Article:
Who let the poo out?

Learn about Acute Haemorrhagic Diarrhoea Syndrome 

This time of year, we seem to see some serious poo problems with our canine family members, and one notorious culprit is Acute Haemorrhagic Diarrhea Syndrome (AHDS).  

AHDS is a fairly dramatic and scary syndrome characterised by what can be profuse, bloody diarrhea that leads to severe dehydration. Without fast treatment, dogs can go into shock and die. Vomiting often occurs too, with blood in about half of the cases.  It’s important to rule out other life-threatening conditions such as parvo virus, parasites or a foreign body so the correct treatment can be provided.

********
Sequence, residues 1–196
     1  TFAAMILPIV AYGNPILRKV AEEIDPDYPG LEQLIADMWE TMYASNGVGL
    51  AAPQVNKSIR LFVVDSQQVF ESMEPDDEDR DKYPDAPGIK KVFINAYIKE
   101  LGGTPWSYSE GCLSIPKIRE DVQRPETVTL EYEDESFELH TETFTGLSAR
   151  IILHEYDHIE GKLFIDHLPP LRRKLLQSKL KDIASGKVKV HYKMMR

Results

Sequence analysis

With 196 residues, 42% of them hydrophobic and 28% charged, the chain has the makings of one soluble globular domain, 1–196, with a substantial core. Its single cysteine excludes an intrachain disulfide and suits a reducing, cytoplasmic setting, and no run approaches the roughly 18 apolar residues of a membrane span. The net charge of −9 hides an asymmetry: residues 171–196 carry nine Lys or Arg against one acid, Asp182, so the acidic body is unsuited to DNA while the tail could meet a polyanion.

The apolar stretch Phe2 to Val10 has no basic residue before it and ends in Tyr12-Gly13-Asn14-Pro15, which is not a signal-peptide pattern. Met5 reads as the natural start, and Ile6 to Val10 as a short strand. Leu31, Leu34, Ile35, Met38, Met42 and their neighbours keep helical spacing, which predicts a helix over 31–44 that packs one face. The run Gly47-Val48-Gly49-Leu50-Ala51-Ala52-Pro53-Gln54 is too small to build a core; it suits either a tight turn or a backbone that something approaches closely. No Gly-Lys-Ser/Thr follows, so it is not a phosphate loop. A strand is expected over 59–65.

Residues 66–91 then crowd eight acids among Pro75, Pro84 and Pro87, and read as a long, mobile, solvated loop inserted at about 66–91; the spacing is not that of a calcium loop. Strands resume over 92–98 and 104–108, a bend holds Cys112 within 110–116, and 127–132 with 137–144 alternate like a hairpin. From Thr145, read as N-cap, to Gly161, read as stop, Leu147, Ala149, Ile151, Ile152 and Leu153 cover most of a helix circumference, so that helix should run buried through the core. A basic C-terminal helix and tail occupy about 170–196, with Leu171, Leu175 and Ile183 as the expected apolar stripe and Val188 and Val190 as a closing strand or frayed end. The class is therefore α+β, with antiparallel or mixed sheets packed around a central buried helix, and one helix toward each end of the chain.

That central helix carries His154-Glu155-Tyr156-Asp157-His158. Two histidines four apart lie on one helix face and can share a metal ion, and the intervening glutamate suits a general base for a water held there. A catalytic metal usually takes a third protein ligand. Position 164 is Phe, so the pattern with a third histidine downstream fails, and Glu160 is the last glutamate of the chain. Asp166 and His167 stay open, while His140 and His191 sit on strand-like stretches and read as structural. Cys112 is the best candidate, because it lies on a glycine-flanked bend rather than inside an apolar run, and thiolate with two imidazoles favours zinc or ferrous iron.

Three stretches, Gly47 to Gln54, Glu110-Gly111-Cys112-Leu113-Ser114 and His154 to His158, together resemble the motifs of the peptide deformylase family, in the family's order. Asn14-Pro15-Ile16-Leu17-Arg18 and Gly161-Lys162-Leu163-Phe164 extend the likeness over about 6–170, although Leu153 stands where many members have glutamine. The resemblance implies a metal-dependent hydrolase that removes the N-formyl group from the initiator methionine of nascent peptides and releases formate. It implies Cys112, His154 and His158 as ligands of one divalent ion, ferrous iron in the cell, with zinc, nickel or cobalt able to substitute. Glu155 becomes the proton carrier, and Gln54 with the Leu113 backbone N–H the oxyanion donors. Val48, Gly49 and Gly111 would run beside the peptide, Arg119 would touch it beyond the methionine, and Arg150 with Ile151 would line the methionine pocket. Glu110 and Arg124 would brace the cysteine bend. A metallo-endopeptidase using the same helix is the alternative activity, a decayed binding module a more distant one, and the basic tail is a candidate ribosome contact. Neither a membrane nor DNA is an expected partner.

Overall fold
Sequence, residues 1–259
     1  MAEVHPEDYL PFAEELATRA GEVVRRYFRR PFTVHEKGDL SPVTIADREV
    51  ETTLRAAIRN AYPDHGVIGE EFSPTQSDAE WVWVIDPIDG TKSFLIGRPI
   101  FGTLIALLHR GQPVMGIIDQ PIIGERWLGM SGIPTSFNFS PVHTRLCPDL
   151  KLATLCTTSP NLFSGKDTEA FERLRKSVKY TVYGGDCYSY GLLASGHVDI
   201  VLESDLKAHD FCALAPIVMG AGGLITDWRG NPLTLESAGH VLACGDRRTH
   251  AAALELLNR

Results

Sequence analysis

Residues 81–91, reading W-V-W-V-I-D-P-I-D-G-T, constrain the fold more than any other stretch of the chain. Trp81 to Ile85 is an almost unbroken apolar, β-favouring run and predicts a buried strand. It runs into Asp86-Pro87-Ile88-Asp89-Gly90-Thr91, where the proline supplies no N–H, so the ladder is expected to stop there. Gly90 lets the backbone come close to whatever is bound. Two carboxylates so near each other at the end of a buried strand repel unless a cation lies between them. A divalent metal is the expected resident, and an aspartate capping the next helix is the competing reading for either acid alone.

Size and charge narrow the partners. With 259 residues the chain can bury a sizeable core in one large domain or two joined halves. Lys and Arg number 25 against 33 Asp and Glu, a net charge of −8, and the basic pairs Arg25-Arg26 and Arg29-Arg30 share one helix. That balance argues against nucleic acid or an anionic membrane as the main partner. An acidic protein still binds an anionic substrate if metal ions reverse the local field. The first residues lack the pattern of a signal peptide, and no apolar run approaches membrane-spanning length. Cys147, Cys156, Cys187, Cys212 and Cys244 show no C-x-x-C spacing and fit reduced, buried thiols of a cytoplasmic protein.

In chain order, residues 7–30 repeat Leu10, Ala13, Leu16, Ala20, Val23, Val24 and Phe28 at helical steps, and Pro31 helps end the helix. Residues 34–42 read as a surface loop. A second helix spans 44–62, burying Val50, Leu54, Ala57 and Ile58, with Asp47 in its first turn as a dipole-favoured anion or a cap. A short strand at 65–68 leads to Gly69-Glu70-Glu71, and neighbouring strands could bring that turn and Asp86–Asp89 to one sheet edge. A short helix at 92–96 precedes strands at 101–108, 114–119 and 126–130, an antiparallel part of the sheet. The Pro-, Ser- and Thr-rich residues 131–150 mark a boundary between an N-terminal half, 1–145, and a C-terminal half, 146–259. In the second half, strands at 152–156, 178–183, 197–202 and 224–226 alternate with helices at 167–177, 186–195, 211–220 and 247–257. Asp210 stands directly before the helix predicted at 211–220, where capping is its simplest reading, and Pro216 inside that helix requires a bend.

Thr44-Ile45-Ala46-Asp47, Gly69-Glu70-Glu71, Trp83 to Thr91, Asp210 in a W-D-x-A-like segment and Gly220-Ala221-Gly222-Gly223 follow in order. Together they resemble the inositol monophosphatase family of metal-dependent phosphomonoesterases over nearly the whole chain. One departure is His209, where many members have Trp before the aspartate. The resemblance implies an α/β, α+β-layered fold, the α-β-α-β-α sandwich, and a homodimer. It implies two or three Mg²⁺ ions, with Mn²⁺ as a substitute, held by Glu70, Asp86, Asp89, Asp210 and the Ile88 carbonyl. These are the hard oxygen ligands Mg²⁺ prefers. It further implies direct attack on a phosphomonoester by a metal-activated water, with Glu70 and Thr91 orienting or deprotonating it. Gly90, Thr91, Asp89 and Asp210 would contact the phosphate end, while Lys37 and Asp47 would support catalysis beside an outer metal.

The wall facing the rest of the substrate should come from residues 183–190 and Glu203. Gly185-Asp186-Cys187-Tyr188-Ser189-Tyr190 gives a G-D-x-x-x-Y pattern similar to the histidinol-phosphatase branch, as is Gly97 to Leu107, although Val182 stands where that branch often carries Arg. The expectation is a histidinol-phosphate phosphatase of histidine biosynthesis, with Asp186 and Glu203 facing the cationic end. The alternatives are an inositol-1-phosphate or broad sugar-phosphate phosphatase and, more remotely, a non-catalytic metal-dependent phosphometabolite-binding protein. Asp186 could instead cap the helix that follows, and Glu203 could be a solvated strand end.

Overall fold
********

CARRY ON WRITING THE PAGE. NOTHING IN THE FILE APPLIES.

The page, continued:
There’s no specific test for AHDS, but vets can use a simple blood test called packed cell volume (PCV) to help diagnose it. If we are suspicious of other causes, we may recommend x-rays or other tests to rule these out. 


There are numerous possible causes for AHDS and most often we do not identify the underlying factor, however some studies have shown a gut bacteria called Clostridium perfringens Type A can be (but isn’t always) involved. 


Treatment focuses on replacing fluids quickly to prevent shock. Dogs are given medications to ease nausea and pain, and they often start a low-fat diet once they’re eating. Antibiotics aren’t usually needed, but probiotics are used to restore good gut bacteria. Luckily, most dogs start feeling better within 24 hours of hospitalisation and usually leave the hospital (if required) within three days. 

If you notice any changes in your pet’s stool, especially if it lasts more than a day or if they seem unwell, it’s best to schedule a veterinary appointment. Don’t forget to bring your dog and a sample of their poo to the appointment!